Your Honble. house, sir, in 1792. as well as the house of Representatives did more than this, in favor of the early settlers at Muskingum—they, with a generous humanity decreed one hundred thousand acres gratis to the Ohio company as a bounty or reward to those men at Marietta who had hazarded their lives in the settlement of that part of the Territory. Sir, we do not ask for a bounty like this, yet cannot see why we have not equal Merit. but we hope to be successful in importuning that favor which we conceive to be a right, ie. the privilege of paying our debts. but if our money must be still refused, then we pray the privilege of attempting the establishment of our claim before a tribunal of law or equity—arbitration or commissioners, if a compromise cannot be effected between agents appointed for the purpose, by Congress on one part, and myself and associates on the other, with whom I may plead or confer on an equal floor, and maintain my pretensions, or make concessions as my claim may appear on investigation, more or less worthy.
Surely sir, it will be admitted, that I had some agency in the origin of the contract: may I not then, with propriety plead my right to be heard on the question of its dissolution?—to Urge that contracts made in good faith shall not be arbitrarily annulled,—that the right of trial by jury is inalianable and cannot be denied—that a defendant has a right to be heard by counsel when his property is impleaded—that no intendment can be set up of my having relinquished the contract, unless a deed by which I have abandoned it can be shewn equally solemn and valid with that by which it was created—that a third party, when rights are severed, cannot be committed by the act of the other two.—how much less then shall two of the parties to a deed tripartite be concluded by the act of the third. It is with reluctance sir, I can be persuaded that my prayer for the establishment of my claim, will not be attended to by your honorable house, and that I shall not be yet allowed to pay for the residue of the Miami purchase at the contract price.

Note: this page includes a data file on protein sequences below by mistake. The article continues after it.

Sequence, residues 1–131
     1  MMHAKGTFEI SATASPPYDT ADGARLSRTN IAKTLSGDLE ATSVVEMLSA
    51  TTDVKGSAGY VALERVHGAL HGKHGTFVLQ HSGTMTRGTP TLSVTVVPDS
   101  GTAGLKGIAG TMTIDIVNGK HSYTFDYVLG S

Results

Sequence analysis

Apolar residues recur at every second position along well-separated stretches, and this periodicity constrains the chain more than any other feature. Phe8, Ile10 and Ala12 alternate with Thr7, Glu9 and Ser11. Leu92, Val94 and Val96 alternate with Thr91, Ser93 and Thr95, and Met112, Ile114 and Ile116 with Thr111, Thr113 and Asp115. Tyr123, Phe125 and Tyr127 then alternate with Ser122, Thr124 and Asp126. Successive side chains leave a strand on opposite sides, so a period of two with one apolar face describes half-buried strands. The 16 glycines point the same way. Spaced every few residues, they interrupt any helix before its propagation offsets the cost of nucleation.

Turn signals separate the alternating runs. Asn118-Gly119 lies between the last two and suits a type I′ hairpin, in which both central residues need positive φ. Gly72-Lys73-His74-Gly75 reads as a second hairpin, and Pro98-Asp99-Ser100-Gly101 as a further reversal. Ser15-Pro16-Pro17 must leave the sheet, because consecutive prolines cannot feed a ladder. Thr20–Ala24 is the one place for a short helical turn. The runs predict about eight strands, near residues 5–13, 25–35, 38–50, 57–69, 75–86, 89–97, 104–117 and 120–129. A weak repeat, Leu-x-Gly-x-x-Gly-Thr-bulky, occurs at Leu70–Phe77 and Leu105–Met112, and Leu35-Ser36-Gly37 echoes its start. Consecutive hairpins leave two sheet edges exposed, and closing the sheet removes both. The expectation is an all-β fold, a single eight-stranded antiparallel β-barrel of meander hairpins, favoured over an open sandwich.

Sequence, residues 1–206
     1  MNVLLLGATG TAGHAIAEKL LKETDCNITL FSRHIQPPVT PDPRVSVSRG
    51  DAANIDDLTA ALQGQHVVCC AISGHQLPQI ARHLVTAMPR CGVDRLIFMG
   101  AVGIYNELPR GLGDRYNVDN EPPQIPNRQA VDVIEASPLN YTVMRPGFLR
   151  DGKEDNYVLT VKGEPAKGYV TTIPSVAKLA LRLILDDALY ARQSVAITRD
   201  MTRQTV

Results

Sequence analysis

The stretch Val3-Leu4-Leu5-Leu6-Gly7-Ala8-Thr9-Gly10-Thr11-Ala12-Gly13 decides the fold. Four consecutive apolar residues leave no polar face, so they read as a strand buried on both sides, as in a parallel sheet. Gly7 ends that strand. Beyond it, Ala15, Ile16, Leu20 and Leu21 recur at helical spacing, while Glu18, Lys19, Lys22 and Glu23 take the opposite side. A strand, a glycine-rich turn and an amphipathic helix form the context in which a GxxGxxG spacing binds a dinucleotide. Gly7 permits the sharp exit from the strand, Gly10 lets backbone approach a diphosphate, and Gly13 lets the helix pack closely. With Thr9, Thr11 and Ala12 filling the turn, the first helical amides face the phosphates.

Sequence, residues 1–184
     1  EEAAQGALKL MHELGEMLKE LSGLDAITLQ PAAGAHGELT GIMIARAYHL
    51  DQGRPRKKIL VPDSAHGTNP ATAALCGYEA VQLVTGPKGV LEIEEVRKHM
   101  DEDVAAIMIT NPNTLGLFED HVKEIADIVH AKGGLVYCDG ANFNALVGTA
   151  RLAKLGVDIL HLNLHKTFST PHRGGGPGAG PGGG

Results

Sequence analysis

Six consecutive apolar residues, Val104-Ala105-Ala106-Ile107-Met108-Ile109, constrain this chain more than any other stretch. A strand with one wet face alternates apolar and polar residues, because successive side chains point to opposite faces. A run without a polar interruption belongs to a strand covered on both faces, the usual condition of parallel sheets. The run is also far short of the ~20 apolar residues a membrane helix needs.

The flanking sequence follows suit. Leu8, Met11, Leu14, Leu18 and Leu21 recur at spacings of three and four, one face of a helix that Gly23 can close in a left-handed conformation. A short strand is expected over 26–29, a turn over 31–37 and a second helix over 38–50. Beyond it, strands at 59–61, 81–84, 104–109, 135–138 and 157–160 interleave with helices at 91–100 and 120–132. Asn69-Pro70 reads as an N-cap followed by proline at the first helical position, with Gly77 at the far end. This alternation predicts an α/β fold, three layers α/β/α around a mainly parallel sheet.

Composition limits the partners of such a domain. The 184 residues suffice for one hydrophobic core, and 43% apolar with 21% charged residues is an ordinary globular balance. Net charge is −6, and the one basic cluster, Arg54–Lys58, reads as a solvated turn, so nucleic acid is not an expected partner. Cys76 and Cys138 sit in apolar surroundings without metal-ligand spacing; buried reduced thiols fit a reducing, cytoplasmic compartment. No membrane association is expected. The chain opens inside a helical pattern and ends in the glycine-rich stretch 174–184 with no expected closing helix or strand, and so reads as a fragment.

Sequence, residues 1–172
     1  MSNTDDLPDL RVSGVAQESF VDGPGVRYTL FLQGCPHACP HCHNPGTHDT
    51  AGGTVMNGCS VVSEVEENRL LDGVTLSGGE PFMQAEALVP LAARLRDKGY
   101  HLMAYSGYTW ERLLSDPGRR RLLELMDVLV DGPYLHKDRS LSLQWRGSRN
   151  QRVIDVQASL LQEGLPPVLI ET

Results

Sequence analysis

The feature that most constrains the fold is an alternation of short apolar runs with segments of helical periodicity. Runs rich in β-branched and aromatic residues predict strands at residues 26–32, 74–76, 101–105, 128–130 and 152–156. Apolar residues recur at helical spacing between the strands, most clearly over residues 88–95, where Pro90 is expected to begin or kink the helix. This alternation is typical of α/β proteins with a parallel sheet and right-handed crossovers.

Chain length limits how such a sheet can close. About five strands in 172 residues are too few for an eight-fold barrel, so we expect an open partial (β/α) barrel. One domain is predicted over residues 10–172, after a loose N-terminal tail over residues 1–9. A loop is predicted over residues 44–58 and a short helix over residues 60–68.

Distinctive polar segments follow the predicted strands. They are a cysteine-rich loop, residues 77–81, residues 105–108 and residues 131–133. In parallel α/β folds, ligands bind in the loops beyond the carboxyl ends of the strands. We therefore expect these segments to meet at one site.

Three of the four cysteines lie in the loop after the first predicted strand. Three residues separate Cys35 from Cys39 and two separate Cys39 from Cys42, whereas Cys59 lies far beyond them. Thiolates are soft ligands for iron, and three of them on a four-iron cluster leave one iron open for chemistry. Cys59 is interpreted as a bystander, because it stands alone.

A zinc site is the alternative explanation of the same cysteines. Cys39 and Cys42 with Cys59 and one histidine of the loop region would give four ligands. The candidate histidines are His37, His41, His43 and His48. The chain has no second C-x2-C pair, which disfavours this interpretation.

It is a mortifying truth sir, that at the time when I entered into contract with the United States in 1788. the price then stipulated to be paid per acre for the land was considered by the sellers as well as the buyers, as a very high price. and several years afterwards a price much below was proposed by the secretary of the treasury as adequate to the value of the unappropriated land in this country; nor did he err in his report—neither was the house of representatives precipate in their approbation of his report, and passing a bill for the purpose of carrying it into effect.